‘Platonic’ Will Live Up To Its Title In Season 2, Say Creators


Platonic creators and real-life husband and wife Francesca Delbanco and Nicholas Stoller took a break from writing Season 2 of their Apple TV+ show to speak with Deadline about Season 1. But, looking ahead, they promised fans can expect the same screw-ups out of Sylvia (Rose Byrne) and Will (Seth Rogen).

“These two characters have their insecurities and issues,” Stoller said at Contenders TV. “Those won’t be solved by a marriage and starting a wedding planning business. We’re all always the same messed up people at all times. No matter what you do, you’re still dealing with those issues.”

The season finale set up Will with a fiancée and Sylvia starting her new business. Those stories will continue over the season, with episodic banter and exploits.

“We want to do more of the same thing,” Delbanco said. “We know it has to be a little bit different. Essentially it has to be a story about their friendship, their lives, their relationship to each other and how they help or hurt each other.”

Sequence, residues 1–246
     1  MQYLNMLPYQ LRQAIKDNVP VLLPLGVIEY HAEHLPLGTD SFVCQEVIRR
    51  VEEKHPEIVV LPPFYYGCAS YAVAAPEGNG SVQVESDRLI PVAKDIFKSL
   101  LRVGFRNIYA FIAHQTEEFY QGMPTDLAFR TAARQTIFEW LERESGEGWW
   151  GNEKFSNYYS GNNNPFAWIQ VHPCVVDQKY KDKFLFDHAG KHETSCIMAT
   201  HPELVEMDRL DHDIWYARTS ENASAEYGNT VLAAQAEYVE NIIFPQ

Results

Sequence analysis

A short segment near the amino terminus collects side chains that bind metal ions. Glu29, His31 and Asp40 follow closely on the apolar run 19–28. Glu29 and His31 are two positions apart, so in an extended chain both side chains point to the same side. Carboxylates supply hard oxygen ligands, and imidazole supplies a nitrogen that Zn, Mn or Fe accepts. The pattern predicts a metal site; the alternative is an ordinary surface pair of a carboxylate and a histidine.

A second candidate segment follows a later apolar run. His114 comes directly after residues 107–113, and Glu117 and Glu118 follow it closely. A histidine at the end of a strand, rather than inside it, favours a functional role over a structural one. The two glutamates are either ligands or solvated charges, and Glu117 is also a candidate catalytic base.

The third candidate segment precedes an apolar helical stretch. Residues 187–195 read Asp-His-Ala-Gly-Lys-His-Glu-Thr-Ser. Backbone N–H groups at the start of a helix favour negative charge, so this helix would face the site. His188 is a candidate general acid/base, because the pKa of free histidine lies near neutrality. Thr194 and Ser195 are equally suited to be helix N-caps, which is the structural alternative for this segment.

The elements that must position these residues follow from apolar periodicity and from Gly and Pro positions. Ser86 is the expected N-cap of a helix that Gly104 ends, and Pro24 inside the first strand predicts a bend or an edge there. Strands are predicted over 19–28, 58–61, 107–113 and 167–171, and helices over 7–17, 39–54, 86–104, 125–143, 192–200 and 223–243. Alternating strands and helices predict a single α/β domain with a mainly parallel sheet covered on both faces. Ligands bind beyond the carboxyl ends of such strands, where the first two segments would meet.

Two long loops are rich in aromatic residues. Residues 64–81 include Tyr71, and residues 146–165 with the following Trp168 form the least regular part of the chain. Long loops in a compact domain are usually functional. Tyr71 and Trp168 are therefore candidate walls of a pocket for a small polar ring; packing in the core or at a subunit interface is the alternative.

Despite Season 1’s visit to San Diego, Stoller and Delbanco confirmed Season 2 will still be set predominantly in Los Angeles.

“We have some San Diego and some Los Angeles,” Delbanco said. “We have mostly Los Angeles.”

Setting Platonic in Los Angeles was inspired by Delbanco and Stoller’s real life.

“So much is shot here and so much is made here and I often feel when I watch TV and movies I don’t recognize the place I live,” Delbanco said. “We felt it was time to try to do that.”

Delbanco and Stoller also confirmed the show would continue to live up to its title. Will and Sylvia will remain friends and Sylvia at least is happily married.

“It is the lowest fi idea in history,” Delbanco said. “There’s no suspense or tension about ‘Will they or won’t they?’ They’re just buddies. We thought it was important to try to represent that, the possibility that men and women can be friends with each other and those friendships can provide something friendships with your own gender can’t provide — or something extra.”

Delbanco recalled taking a trip to Las Vegas to reconnect with two male friends, without Stoller, causing suspicion amongst their mutuals, yet Stoller was okay with it. Conversely, Stoller acknowledged how rarely married men socialize with female friends.

“I’d be like, ‘Name one time in the past year that you’ve gone to dinner with a woman without your wife,’” Stoller said. “No one can.”


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